Saving the Constituent Services Data in Our Archives: Lessons from Congressional Papers

Oct 16, 2019

By Danielle Emerling, Assistant Curator, Congressional and Political Papers Archivist, West Virginia University Libraries

Since the 1990s, the U.S. Congress has been using electronic, proprietary systems to manage constituent interactions with Member offices. The systems include brands like iConstituent and Intranet Quorum, which likely sound familiar to archivists working in state government. When a Member of Congress leaves office, the data is exported from these systems – either as flat data files or relational databases with a library of attached records – and transferred to a repository designated by the Member. For numerous reasons, outlined in a 2017 report from the SAA Congressional Papers Section, the exported datasets have stymied repositories and remained inaccessible to both archivists and researchers. 

Over the last few years, however, congressional papers archivists have made significant strides toward a solution. West Virginia University Libraries developed an open-source data curation tool that successfully accessed and searched flat file format datasets. With the support of a 2018 LYRASIS Catalyst Fund grant, WVU Libraries led the America Contacts Congress project to study the feasibility of further developing the tool and implementing it at other institutions.

The feasibility study provided a better understanding of the data and its potential uses. Researchers studying things like Congress, representation, and public policy believe the data could be transformative to their scholarship. Archivists interviewed in the study said the data curation tool is necessary to their work, but rather than expansive functionality, it is more important for the tool to integrate with other systems used for curation, preservation, and data analysis. While the tool functionality should remain constrained, added functions should include rendering relational databases, generating reports, and searching attached correspondence.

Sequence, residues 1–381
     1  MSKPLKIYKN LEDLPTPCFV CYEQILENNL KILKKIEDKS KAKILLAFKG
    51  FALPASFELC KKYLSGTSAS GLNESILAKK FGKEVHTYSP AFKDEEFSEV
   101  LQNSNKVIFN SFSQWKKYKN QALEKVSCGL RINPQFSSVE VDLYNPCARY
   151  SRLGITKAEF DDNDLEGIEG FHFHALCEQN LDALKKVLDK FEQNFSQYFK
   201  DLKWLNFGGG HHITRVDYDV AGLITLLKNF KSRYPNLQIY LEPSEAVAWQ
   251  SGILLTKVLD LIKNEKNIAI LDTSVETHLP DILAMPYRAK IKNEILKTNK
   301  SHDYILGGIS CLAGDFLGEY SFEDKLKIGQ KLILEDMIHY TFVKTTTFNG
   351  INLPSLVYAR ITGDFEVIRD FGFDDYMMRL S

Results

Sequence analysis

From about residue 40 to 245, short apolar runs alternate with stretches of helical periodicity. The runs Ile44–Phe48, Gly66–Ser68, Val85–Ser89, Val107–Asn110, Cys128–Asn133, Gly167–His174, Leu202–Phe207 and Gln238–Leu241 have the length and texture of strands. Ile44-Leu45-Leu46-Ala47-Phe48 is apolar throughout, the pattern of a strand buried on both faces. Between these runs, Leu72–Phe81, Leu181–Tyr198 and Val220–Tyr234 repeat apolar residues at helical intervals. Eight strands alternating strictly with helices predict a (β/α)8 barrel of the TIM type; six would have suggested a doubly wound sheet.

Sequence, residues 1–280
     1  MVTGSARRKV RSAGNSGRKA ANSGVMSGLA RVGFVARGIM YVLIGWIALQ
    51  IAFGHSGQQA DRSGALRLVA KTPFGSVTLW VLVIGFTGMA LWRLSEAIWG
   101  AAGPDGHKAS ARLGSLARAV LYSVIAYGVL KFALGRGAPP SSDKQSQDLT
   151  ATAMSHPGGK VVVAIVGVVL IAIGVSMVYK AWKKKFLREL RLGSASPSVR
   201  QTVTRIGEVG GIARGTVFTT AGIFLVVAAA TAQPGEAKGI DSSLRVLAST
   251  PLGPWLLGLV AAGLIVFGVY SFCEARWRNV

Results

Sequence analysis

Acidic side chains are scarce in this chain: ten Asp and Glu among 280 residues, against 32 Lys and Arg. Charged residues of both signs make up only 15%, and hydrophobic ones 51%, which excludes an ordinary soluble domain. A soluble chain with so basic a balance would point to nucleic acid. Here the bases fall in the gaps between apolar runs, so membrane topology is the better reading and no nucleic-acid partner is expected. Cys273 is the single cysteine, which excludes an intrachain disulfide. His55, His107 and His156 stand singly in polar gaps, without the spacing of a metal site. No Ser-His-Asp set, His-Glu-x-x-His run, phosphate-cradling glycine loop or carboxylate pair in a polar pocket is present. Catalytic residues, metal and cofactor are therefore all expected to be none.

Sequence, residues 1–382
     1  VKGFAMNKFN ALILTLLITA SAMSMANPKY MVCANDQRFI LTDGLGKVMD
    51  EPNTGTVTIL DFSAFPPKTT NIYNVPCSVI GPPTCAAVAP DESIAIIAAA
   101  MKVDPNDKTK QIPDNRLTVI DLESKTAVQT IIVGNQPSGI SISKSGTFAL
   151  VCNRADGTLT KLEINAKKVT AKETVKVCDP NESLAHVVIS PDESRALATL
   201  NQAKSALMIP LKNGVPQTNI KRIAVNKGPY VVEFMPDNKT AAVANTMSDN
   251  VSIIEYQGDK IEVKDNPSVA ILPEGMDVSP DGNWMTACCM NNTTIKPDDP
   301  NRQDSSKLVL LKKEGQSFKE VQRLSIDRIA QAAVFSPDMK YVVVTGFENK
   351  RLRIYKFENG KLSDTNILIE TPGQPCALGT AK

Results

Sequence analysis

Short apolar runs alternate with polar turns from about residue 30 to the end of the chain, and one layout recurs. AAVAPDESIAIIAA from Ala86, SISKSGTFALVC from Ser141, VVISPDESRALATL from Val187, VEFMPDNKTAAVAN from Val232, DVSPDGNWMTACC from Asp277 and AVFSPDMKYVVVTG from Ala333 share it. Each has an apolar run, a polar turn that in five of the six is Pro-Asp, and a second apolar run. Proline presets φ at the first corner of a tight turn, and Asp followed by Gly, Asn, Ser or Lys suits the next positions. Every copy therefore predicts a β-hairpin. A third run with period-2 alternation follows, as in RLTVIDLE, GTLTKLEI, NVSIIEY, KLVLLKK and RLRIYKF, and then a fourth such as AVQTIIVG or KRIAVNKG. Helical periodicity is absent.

The study’s final report identified numerous next steps to ensure the data curation tool is developed and governed in a community oriented and sustainable way. Sustaining open-source software requires a committed IT community, so while open-source development will likely play a role, it is not the entire answer. The report urged consideration of a software as a service model, in which the tool would be hosted by a vendor, and a membership supported model. All of these models would benefit from a larger community base of data curation tool users.  

As we begin work to implement these recommendations, we are learning that CoSA members are among those also managing constituent services data in their archives. This overlap means that archivists working with congressional and state records likely have much to learn from each other and much to gain through collaboration. 

To learn more, visit the ACSC Constituent Services Data Task Force page or contact the author at danielle.emerling@mail.wvu.edu.

Image: Wall Street Journal



Category: Archives Month

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